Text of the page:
Merge Sort in Java

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Introduction
Sorting is a crucial aspect of digesting data. For us humans, it’s much more natural to sort things that have something in common like the date of publishing, alphabetical order, articles belonging to an author, from smallest to largest, etc. This makes it a lot easier to comprehend the data as it’s logically connected rather than dispersed all around.
And just as important, sorted arrays are easier for computers to work with. For example, a sorted array can be searched much faster, like with the binary search algorithm, which runs in O(logn) time. An algorithm like this just doesn’t work without a sorted array.
Merge Sort
Merge sort is a divide-and-conquer algorithm, which recursively calls itself on halved portions of the initial collection.
That being said, it sounds a lot like Quicksort, which also partitions the collection and then recursively calls itself on the partitioned collections (which are typically halves).
The main difference is the fact that Quicksort is an internal, in-place sorting algorithm while Merge Sort is an external, out-of-place sorting algorithm.
This is typically done with collections which are too large to load into memory, and we load them chunk by chunk as they’re needed. So Merge Sort doesn’t need to store the whole collection into the memory from which it can easily and randomly access each and every element at any given time. Rather, the collection can be stored at an external place, such as a disk (or much longer ago – tape), from which required elements are loaded.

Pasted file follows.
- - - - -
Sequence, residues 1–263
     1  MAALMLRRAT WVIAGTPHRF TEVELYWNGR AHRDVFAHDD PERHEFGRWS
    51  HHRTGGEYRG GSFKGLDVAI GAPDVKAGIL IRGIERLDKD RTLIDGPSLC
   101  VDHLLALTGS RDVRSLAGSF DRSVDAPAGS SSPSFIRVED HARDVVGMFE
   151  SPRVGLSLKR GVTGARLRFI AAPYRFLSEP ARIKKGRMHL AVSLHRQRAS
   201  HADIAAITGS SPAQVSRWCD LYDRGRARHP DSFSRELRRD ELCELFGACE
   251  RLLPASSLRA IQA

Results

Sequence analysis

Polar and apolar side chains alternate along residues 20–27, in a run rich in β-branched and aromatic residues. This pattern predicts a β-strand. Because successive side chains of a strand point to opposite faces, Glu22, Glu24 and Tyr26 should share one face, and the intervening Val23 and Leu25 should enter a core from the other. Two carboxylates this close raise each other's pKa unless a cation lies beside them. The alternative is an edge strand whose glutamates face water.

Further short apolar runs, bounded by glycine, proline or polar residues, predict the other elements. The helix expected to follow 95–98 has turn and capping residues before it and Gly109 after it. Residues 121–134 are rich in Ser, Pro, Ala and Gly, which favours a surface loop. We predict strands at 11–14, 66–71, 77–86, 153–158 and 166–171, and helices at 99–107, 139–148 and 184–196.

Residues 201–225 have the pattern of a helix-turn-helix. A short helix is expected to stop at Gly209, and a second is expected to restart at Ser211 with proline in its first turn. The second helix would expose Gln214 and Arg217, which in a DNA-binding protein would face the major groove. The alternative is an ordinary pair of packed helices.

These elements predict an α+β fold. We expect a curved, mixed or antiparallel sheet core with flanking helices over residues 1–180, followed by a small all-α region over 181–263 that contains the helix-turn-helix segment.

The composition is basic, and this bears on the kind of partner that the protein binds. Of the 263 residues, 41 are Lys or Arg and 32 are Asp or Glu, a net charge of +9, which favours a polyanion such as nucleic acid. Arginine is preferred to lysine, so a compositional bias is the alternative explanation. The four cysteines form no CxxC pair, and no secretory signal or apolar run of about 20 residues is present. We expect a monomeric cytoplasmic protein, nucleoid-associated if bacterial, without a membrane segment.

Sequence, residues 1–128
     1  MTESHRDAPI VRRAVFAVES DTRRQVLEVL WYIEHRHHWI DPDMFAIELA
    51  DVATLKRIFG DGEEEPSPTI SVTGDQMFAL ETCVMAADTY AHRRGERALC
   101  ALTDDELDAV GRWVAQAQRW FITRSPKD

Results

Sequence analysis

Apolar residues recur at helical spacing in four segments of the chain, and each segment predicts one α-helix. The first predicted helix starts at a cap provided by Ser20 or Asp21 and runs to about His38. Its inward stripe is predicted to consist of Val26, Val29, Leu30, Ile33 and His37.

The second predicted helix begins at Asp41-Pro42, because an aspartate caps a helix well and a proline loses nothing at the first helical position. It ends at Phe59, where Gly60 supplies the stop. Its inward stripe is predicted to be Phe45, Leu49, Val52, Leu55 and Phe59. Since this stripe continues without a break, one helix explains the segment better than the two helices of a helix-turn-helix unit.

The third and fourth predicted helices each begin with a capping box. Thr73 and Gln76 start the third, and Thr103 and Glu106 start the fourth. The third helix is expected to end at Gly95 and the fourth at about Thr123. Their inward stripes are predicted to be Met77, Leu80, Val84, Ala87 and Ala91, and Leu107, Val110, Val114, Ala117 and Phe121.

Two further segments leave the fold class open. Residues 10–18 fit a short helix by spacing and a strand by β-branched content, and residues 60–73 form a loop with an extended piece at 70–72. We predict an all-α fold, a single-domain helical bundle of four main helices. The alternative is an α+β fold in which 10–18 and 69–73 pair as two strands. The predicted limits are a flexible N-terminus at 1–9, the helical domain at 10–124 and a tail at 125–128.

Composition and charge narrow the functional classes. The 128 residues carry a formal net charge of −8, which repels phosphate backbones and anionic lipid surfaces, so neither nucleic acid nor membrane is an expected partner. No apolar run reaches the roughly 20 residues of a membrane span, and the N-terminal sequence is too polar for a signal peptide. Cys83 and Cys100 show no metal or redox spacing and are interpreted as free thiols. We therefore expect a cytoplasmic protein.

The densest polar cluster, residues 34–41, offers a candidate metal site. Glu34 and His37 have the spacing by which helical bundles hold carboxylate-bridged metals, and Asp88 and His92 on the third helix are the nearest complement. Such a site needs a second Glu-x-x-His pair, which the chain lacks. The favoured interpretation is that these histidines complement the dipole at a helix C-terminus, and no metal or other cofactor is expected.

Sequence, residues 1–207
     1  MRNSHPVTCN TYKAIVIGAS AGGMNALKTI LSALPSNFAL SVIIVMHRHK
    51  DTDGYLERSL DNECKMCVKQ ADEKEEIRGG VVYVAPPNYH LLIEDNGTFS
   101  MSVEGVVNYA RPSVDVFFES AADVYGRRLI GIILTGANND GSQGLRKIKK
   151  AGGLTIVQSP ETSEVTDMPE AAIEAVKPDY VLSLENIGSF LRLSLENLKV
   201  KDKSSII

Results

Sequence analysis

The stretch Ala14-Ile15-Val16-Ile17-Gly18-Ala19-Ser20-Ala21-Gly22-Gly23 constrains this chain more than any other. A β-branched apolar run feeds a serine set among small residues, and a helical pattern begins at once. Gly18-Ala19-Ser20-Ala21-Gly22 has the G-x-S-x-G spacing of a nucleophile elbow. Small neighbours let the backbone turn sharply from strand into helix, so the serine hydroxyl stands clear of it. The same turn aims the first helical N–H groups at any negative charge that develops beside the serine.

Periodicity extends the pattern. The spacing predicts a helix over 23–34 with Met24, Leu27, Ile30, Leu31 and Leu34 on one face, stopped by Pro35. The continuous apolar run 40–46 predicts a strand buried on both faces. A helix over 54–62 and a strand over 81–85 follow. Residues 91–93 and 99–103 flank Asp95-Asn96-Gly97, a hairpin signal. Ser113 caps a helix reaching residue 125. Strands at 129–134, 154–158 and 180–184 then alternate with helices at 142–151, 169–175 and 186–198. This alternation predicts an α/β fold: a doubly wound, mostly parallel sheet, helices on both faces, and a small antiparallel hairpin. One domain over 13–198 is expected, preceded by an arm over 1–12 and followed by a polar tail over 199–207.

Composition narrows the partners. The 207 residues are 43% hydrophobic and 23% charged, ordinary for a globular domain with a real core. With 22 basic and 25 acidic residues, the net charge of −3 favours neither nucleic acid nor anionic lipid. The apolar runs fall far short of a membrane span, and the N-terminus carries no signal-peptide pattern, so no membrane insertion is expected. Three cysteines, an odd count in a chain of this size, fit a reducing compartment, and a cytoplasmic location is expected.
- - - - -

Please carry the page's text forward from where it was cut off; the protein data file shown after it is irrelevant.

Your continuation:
That being said, Merge Sort has to deal with making such loading and unloading optimal as it can get quite slow with big collections.
As mentioned above, Merge Sort is an “out-of-place” sorting algorithm. What this means is that Merge Sort does not sort and store the elements in the memory addresses of the collection given to it, but instead it creates and returns a completely new collection that is the sorted version of the one provided to it. This is an important distinction because of memory usage. For very large arrays this would be a disadvantage because the data will be duplicated, which can memory problems on some systems.
Here’s a visual representation of how it works:

Implementation
To fascilitate the algorithm, we’ll be using two methods – mergeSort() which will partition the collection and recursivelly call itself, and its helper method, merge() which will merge the results in the correct order.
Let’s start off with mergeSort():
public static void mergeSort(int[] array, int low, int high) {
if (high

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